A footnote to J.D. Tuccille's item earlier today about the activists who in 1971 broke into an FBI office, lifted a lot of files, and used them to expose COINTELPO, a program devoted to surveilling, infiltrating, and disrupting political groups. If you're at all interested in this chapter in the history of government abuses, you should spend some time exploring those old COINTELPRO files, which the government has now posted online. I spent a lot of time reading them when I was writing The United States of Paranoia, and they're filled with schemes that are alternately frightening, stupid, and simply bizarre.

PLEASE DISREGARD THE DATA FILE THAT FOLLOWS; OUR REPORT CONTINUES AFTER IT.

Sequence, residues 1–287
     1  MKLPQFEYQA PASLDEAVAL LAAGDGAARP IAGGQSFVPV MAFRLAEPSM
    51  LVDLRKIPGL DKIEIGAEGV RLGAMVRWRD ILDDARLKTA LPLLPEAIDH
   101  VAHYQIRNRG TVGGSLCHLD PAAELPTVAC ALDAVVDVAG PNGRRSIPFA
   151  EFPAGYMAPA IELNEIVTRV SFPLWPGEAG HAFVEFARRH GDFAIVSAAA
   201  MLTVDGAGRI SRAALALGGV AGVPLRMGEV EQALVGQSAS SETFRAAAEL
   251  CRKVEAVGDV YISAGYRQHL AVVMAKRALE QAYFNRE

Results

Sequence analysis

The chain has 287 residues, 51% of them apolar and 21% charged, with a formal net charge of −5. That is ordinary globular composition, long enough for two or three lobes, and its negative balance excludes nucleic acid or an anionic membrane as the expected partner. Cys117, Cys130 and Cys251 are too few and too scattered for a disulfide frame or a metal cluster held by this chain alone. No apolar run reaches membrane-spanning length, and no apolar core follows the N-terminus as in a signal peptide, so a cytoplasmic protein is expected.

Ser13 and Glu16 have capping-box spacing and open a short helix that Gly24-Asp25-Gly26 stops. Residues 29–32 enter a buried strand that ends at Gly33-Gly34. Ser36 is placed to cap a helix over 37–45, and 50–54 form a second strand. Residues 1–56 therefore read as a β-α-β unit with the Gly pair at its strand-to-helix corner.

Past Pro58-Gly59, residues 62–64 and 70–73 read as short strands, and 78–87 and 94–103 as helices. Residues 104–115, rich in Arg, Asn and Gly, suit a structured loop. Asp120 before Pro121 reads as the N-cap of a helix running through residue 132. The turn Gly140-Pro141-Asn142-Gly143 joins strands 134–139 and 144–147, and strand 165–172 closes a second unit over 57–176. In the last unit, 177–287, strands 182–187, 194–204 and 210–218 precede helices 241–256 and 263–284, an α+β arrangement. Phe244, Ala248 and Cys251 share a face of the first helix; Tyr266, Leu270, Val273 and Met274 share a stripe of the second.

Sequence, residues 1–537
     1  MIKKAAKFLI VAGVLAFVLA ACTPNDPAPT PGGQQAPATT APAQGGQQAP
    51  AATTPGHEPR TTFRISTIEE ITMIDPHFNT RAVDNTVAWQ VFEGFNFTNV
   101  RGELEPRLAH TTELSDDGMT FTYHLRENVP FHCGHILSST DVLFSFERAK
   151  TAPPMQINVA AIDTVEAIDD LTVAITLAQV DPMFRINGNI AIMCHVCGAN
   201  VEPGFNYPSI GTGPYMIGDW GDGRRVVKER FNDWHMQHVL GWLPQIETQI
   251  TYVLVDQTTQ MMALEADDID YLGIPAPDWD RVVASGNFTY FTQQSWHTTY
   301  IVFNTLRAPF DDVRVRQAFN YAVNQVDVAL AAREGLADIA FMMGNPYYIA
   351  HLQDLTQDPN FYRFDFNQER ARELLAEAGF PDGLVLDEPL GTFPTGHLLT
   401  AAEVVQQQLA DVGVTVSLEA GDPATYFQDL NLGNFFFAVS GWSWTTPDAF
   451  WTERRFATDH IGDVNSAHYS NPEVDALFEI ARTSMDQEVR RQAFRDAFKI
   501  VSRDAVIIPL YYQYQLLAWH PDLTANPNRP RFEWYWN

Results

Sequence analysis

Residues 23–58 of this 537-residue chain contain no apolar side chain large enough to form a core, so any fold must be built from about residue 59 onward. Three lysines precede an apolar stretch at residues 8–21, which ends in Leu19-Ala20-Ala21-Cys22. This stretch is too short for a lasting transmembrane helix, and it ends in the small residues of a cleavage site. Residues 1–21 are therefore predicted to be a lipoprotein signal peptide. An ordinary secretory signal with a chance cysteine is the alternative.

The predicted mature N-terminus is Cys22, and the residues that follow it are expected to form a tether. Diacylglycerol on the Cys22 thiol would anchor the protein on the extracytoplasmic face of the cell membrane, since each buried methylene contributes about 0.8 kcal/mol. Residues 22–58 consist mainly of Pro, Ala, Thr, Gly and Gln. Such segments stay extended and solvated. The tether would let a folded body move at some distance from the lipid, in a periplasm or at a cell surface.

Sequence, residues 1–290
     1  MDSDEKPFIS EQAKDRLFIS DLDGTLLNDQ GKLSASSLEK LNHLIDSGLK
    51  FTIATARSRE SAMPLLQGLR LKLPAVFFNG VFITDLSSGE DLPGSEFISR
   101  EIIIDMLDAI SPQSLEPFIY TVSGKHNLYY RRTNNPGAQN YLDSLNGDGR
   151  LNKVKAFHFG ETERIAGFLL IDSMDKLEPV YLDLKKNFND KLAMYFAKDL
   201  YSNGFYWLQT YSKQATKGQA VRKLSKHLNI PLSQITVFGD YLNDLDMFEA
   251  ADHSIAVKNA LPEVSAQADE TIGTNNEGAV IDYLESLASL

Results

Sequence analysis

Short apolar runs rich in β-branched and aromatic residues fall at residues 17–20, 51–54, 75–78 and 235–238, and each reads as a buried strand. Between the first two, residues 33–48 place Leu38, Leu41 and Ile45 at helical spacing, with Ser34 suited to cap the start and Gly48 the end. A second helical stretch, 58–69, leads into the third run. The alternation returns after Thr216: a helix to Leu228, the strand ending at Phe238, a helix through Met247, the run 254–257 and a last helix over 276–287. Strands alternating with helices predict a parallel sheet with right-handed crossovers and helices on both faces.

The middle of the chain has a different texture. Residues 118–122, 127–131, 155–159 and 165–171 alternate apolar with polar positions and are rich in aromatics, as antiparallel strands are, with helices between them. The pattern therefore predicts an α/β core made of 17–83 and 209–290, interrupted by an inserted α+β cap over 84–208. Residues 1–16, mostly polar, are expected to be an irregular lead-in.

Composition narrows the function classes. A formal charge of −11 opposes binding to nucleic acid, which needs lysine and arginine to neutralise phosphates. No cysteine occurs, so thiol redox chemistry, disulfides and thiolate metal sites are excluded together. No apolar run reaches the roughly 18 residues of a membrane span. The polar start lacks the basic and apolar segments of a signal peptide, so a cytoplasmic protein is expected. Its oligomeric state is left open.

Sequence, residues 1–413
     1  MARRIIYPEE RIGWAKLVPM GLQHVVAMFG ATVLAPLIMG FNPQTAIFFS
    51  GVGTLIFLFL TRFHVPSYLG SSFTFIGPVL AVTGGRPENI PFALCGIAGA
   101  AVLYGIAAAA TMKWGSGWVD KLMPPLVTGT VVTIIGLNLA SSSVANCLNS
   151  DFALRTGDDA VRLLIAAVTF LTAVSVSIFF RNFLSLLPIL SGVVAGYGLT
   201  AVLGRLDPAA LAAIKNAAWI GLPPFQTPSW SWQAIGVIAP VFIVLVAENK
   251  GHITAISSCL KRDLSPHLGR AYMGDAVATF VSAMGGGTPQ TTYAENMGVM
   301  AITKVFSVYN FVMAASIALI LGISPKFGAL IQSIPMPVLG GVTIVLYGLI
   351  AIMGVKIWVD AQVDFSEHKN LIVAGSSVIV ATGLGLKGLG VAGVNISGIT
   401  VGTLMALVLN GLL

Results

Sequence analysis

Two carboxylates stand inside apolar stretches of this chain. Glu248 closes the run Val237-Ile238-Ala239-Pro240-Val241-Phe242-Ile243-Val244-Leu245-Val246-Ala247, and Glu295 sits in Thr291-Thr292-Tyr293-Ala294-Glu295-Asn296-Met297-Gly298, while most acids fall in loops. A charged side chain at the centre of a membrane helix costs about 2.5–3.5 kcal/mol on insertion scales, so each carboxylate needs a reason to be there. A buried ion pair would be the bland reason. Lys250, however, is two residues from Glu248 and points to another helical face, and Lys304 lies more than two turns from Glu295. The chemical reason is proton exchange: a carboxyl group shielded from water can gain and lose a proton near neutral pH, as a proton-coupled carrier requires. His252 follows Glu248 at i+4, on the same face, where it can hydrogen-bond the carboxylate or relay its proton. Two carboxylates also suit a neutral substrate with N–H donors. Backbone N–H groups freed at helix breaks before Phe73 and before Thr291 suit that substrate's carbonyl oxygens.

Here's a relatively mild example. In 1971, when the Young Socialist Alliance ended a policy barring gays from the group, the FBI's San Diego office responded by creating these fliers:
A second flier, featuring female names, announced that the organization was "now accepting 'les' membership."
Headquarters approved: "Bureau feels preparation of leaflets as requested in relet has merit, and you are authorized to duplicate sufficient copies on commercially obtained paper to have posted on various bulletin boards where they might be seen by majority of students at San Diego State College. It is hopeful this action will have desired effect of dissuading would-be new recruits from membership in YSA." Because that, apparently, was the FBI's mission: to play on people's bigotries to dissuade them from joining a political organization.